What, for Neusner, and everyone else here, can be more obvious than salvation, holiness, and especially pulsating joy. But doesn’t Jonah’s critical historical text say “salvation is of the Lord.” (Jonah 2:9). Shhh – do you want me to lose my tenure! Reconstructionist Judaism (and Reform Judaism, by and large) says it doesn’t matter whether all the Bible stories are just “stories,” myths, folklore; what’s important is that they are shared myths, and it is the sharing of a common heritage that binds a community together. What matters, in Reconstructionist Judaism, is not the Book but the binding – of communal love and joy (Neusner).

Jacob Neusner


The Jews, “the people of the Book.” No, I’ve got it back to front: “The Torah, the book of the People.” That’s better.

Nancy Fuchs-Kreimer, a reconstructionist Jew, believes that the Torah stories, even if not true in the historical sense, are central to Jewish life. The Torah, she says, is one of the “noblest employments of the mind and soul aiming at knowledge and wisdom.” Fuchs-Kreimer – who is a reliable spokesperson for Reconstructionist Judaism says much more: “Perhaps religious experiences provide no new information about the universe. Rather, they give us the emotional impetus to tell certain kinds of stories. We may indeed be nothing but a pack of neurons and our religious experiences may be neurological phenomena; nevertheless, the stories we tell ourselves about those experiences come from our higher cognitive functions. When we choose to link ourselves to a religious civilization, we opt for a narrative tradition that will shape raw experience in particular ways.” The weight of evidence, according to Fuchs-Kreimer, shows that religious experience cannot provide any new evidence – “knowledge and wisdom” – about the universe. But, according to Fuchs-Kreimer we can’t deny that we feel it in our bones that there is something else besides neurons and meat loaves. So, we tell one another stories about how those emotions emerged, but we don’t go overboard to the point of hysteria only to drown in historia. Meaning doesn’t have to be objective for “if there is nothing but matter, all the more do we need stories to make meaning” says Fuchs-Kreimer, and it’s stories – the more evocative the story the better – that make or break a religious civilisation. There’s no “core self” so we need to make up stories – based on authentic emotion, naturally – to “tell us who we are.” And that, according to Fuchs-Kreimer, is the basis of “tradition”, of Jewish tradition, of solid Jewish tradition (See The Torah: shared myths and other stories in Reconstructionist Judaism).

What have all these Jewish scholars have in common? (for all intents and purposes, Walter Brueggeman, a Gentile Lutheran, might as well be a Jew, a Lutheran Jew). Herein lies the genius of the Jew-Ish (Hebrew ish “man”): He rips the the text, the historical – read: “surface” – text, out of the hands of the Holy One of Israel and from his inwormings, he spawns and spins the Holy Israel of One. On earth or in (reconstructionist) heaven, there’s nothing like Israel.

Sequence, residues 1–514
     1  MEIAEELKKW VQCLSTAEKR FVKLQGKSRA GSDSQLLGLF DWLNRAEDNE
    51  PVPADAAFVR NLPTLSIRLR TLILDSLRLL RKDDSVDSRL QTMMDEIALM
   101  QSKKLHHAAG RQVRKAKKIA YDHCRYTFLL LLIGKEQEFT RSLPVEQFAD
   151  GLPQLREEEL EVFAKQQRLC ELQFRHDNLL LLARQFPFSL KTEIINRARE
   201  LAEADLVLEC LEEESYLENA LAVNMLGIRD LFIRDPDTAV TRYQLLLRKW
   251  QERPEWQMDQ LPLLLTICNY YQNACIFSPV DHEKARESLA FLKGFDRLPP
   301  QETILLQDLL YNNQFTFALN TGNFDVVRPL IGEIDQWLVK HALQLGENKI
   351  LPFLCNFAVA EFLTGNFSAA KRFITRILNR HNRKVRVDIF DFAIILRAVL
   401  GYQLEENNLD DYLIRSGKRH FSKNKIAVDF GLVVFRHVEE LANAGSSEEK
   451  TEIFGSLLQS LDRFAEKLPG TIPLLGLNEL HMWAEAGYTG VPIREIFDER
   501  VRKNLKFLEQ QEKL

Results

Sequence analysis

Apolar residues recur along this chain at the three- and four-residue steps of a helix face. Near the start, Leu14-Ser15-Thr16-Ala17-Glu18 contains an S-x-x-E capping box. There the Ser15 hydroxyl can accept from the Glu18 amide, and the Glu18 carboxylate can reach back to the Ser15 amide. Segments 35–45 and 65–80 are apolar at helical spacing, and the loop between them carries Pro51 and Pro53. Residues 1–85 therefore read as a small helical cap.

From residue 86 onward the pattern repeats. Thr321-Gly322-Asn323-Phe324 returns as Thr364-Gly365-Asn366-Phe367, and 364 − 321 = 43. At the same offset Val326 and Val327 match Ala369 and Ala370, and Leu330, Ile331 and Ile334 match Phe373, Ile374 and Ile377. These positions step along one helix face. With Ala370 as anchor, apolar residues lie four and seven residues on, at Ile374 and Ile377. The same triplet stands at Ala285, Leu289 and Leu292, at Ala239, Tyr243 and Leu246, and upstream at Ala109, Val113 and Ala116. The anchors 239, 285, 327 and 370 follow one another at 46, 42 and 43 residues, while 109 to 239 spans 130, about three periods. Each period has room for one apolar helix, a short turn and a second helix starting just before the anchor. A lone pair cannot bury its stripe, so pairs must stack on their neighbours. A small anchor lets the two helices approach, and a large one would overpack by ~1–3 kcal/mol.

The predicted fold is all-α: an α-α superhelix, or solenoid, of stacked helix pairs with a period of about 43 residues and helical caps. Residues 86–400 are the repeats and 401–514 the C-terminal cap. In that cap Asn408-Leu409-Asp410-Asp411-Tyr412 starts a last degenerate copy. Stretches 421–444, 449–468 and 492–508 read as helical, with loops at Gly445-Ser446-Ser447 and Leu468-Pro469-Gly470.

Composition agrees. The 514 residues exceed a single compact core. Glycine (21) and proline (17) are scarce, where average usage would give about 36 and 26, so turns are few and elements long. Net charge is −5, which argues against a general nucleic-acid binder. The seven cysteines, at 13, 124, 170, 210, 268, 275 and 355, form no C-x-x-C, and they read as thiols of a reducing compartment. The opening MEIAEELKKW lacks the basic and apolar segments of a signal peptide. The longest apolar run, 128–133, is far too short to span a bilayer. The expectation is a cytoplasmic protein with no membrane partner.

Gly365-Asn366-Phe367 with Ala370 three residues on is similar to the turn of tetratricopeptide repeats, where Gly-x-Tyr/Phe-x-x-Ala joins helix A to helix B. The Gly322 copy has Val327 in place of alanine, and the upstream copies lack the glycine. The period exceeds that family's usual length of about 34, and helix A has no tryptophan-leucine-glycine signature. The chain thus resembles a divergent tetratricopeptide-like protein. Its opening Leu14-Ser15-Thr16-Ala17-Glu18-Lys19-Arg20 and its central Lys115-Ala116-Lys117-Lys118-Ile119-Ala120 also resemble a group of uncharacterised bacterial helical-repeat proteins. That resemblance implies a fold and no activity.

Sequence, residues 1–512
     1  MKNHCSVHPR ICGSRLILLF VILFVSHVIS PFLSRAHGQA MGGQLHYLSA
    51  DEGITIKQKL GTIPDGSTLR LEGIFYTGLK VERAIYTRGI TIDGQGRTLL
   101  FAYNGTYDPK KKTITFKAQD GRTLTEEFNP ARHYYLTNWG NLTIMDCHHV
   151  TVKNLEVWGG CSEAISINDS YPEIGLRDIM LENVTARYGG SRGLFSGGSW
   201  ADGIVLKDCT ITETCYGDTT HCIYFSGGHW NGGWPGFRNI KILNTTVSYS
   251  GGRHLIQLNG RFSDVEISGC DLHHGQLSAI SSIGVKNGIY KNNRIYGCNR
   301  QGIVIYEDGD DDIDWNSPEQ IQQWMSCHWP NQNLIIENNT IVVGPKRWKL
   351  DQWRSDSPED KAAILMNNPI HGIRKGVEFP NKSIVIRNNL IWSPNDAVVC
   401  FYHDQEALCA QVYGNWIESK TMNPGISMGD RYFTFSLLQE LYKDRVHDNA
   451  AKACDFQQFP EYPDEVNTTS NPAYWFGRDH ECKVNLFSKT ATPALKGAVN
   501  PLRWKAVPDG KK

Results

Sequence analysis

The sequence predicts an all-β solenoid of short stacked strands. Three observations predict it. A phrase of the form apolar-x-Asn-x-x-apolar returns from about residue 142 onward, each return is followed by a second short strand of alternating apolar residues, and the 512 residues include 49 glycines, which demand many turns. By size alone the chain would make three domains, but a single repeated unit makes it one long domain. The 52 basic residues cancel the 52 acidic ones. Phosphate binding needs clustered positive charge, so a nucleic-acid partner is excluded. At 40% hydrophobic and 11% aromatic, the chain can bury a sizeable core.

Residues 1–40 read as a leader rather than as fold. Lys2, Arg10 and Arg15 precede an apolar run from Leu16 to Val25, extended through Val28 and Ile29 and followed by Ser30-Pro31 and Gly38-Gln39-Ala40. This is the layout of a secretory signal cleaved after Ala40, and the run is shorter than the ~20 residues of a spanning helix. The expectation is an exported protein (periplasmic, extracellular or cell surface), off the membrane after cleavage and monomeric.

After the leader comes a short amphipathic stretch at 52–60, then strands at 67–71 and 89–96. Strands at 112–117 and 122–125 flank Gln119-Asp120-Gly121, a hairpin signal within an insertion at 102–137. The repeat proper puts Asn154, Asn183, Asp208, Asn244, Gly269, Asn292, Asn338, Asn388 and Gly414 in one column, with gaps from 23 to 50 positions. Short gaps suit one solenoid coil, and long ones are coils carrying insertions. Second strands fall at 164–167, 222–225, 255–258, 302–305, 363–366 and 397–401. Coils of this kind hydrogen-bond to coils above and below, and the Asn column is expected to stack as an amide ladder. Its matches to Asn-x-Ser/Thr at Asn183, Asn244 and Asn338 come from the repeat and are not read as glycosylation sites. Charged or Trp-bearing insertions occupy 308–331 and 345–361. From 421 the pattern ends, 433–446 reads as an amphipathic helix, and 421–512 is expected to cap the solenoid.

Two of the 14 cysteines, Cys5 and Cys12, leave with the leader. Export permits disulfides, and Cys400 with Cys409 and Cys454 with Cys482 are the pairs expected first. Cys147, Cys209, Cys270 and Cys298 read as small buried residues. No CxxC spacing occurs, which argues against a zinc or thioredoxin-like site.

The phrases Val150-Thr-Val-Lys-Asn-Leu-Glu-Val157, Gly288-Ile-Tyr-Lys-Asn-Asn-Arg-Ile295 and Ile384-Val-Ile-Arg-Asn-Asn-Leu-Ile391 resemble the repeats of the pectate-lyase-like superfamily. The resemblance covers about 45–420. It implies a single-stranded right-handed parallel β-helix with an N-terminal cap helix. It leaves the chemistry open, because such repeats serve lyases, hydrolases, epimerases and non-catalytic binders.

Fellow Jews, if you love wallowing in the sediment of literary theory, then post-modernism, reconstructionism and deconstruction are for you. All I say to you is:

What advantage then hath (you) the Jew? or what profit is there of circumcision? Much every way: chiefly, because that unto them were committed the oracles of God. For what if some did not believe? shall their unbelief make the faith of God without effect? God forbid: yea, let God be true, but every man a liar; as it is written, “That thou might be justified in thy sayings, and might overcome when thou art judged” (from Psalm 51:4). Don’t play with God’s word; rather build your interpretations on a surer foundation, and what surer foundation is there than “let God be true and every man a liar” (Romans 3:1-4).

When is an “ex-Jew” not a Jew? Once (your mother’s) a Jew Oiveys a Jew

The following letter appeared in the South African Sunday Times (October 11, 2009) in favour of the Goldstone Report of the United Nations Fact Finding Mission on the Gaza Conflict

Stop turning a blind eye

It came as no surprise that the Jewish community has its knives out for Justice Richard Goldstone, accusing him of betraying his people and his homeland. This laager mentality of the Orthodox Jewish sect is nothing new. If Orthodox Jews are challenged, they close ranks. How can a people who have been persecuted for centuries possibly turn a blind eye to the atrocities being committed on both sides of this bloody conflict? The Jewish community needs to accept responsibility for the atrocities that it has committed against Palestinian civilians, as do Palestinians need to accept responsibility for Israeli civilian deaths.

Loren Ogin, ex-Jew, Edenglen

My interest in this letter – as well as in this bography – does not lie in Israeli politics. In my Prologue, my main interest for writing is clear: First, The sovereignty of God in all things, specifically His sovereignty in salvation, and second, God has not finished with the Jew – God forbid – for the Jew will be at the centre of history when Yeshua returns.”

Here is my reply to Loren Ogin, the ex-Jew.

“Stop turning a blind eye” by ex-Jew Loren Ogin (Sunday Times, October 11), which supports Judge Goldstone’s Gaza Report, says the following:

“This laager mentality of the Orthodox Jewish sect is nothing new. If Orthodox Jews are challenged, they close ranks.” In my understanding,  By “Orthodox Jewish sect” Ogin seems to refer to Jewish Zionists. There are at least three kinds of Jews: there are secular Jews, who don’t believe in the God of the Jewish Bible (Tanakh); there are Jews who believe some parts of the Tanakh; and there are Jews who believe all of the Tanakh. This last group also believes in the oral traditions (Talmud and Midrash) and are referred to as “Orthodox” Jews. The majority of Orthodox Jews do not observe all 613 core practices (mitzvoth). This group is referred to as “modern” Orthodox..The minority of orthodox jews is referred to as “traditional” or “ultra”-orthodox. Ultra-Orthodox Jews believe that Jews should have no political control in “Zion” (modern Israel) or in any other part of the world, at least not until Moshiach (Messiah) comes. “The State of Israel, qua state,  (says Chaim Waxman in his “Dilemmas of modern orthodoxy”, p. 5) is a modern, essentially secular, political entity, and its only significance to the traditionalist as conceived herein lies in the fact that so many Jews live there. The modernist, on the other hand, ascribes religious significance to the State specifically as a political entity, and the modernist perceives the State of Israel as an inherent part of Messianic redemption.”